By Elias Hazou
THE FIRST and instant effect of the foreclosures bill not passing within the deadline specified by Cyprus’ international lenders will be to throw the whole adjustment programme in limbo, returning the country to the brink of bankruptcy, analysts say.
“It’ll put the entire programme in jeopardy, not just the next tranche of assistance, but the ones after that as well…count on it,” economist Mike Spanos told the Mail.
Evdokimos Xenofontos, former deputy chairman at the Bank of Cyprus, concurs.
“This is not scaremongering either,” Xenofontos said.
“It’s common sense. If you fail to live up to an agreement with your lenders, whoever they might be but especially the troika, then why they would they ever consider giving you the next tranche, let alone the tranches after that? In my view, they’ll stop discussing the MoU altogether, until we’ve taken care of our pending obligation, which at this stage is the foreclosures bill.”
The interior minister has said that the government has enough cash to keep operating and pay salaries until November. But what happens beyond that?
Spanos says that it is not just the government that would come to a standstill. Empty state coffers would trigger a chain-reaction throughout an already fragile economy.
“Think of contractors already working on government projects, they’d stop being paid, to give you just one example. The effects would spread like cancer.”
With the debate on the foreclosures bill deadlocked, Spanos says it’s time to think out of the box. He advocates that the government ask the troika to disburse the next bailout tranche (some €400m) come September, but in installments.
In return, the administration commits to passing both the foreclosures bill along with the insolvency law by October – just before the state goes bust – thus meeting the opposition parties halfway and overcoming the current impasse.
“I can’t fathom why the government says it can’t bring the insolvency law to parliament for many months to come. I don’t buy it. They could write up an entire constitution by October if they really wanted to.”
In addition to causing fiscal troubles, non-passage of the foreclosures bill could have other knock-on effects, some less clear-cut than others.
But one thing is as sure as night follows day, says Xenofontos: Cyprus can forget about borrowing from international markets once news gets around that it is not implementing its adjustment programme.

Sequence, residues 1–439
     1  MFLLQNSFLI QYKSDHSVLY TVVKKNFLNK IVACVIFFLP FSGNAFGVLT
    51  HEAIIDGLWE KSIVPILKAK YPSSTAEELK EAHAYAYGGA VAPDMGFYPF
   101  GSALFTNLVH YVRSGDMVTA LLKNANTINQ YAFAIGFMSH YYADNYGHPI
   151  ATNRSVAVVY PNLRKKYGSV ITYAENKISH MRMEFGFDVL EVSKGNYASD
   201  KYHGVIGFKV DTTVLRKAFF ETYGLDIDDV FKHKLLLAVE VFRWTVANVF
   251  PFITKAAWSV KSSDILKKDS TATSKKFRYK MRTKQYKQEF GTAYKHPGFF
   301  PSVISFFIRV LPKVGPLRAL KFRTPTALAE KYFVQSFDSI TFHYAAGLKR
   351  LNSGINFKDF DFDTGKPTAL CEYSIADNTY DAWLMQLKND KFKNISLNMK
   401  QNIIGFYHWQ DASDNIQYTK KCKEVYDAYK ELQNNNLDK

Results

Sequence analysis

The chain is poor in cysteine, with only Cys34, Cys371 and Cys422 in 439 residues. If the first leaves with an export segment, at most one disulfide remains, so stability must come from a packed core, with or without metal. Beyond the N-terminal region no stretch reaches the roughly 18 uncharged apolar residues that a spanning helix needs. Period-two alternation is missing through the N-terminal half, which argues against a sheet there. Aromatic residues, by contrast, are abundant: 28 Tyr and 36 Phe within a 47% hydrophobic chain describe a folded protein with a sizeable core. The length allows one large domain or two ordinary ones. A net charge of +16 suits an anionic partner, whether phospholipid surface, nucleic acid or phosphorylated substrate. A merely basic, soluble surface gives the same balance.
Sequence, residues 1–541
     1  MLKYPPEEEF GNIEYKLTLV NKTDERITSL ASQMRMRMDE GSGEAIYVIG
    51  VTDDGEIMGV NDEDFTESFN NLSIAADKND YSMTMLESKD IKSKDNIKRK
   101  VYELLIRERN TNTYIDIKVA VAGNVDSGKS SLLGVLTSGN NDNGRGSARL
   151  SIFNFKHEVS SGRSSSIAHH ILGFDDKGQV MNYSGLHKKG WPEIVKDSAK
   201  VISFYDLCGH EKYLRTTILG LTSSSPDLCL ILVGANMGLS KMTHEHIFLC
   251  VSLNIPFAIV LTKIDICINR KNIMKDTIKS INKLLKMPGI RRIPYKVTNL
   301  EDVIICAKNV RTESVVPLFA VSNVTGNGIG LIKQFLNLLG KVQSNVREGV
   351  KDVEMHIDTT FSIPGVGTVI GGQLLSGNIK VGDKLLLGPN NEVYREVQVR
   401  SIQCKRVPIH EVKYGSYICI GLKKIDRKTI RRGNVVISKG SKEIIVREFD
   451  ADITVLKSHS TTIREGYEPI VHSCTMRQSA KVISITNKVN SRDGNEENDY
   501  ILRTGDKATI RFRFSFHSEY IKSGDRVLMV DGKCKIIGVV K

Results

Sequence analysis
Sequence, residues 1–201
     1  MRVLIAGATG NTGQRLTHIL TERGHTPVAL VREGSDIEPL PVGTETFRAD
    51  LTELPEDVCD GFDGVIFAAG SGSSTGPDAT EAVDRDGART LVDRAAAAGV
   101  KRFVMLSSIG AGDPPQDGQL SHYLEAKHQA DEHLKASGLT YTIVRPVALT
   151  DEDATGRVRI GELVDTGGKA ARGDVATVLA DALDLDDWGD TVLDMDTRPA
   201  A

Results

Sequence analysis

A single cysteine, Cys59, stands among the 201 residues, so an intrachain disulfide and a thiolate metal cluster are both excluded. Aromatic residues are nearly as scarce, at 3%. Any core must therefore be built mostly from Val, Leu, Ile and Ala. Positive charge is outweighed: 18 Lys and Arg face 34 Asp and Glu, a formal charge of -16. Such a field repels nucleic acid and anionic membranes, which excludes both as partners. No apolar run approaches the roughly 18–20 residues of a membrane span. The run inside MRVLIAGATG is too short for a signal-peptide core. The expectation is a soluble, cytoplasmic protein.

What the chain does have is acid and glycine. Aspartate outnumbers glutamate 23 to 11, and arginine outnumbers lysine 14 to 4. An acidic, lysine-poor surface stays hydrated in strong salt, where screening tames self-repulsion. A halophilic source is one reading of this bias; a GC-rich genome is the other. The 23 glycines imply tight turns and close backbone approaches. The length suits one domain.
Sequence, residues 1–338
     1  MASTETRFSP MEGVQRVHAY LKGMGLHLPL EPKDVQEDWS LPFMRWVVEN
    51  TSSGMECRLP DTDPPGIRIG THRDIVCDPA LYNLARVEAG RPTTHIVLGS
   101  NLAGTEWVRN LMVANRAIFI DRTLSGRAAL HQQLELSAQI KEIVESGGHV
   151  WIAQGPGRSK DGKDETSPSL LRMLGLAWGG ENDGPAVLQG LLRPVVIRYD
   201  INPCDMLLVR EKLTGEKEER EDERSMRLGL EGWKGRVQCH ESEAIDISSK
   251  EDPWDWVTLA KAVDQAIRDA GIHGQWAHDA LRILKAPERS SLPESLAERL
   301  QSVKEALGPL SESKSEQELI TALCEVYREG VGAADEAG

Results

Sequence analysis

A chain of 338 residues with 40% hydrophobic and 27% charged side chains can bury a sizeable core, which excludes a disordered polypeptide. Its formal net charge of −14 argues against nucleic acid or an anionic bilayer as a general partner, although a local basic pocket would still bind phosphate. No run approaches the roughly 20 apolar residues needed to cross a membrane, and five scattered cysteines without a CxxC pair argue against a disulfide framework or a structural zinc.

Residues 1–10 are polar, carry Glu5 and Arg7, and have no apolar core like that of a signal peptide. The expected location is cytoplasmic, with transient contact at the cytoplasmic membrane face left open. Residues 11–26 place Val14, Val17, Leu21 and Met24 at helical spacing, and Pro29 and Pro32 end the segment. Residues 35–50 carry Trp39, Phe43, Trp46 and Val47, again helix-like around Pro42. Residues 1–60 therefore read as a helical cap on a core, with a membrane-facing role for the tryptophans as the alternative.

“Expect Moody’s and other rating agencies to downgrade us all over again, and then good luck accessing the markets,” he added.
Further, Xenofontos says it might put at risk the €1bn capital issue by the Bank of Cyprus, as the new investors may decide to pull out if it looks like the bank won’t be able to quickly recover non-performing loans on mortgages.
For the moment that is an unknown, as it depends on what explicit guarantees the bank gave prospective investors when it was opening its books. The agreements struck with investors are bound by confidentiality agreements.
And there have been unconfirmed reports in the local media that Wilbur Ross, the US billionaire leading a group that agreed to invest €400 million in BoC, has been strongly urging authorities here to pass the bill.
However Spanos downplays the likelihood of the foreign investors walking away: “No, they’re already committed.”
That aside, a more immediate concern are the upcoming EU-wide stress tests for banks. Unless the foreclosures bill is passed before the tests, the European Banking Authority will have to conclude that a large chunk of non-performing loans are unrecoverable and thus discount their asset value.
Even though an accounting exercise, that in turn would adversely affect Cypriot banks’ balance sheets, making it necessary to raise more capital.
This was a danger alluded to by the Central Bank governor on Tuesday.
As for the possibility of jittery depositors pulling their cash out, fearful of a new haircut should the banks fail the stress tests, both experts think that’s a remote scenario.
“Where are folks going to move their money, abroad?” quipped Xenofontos, referring to the capital controls still in place.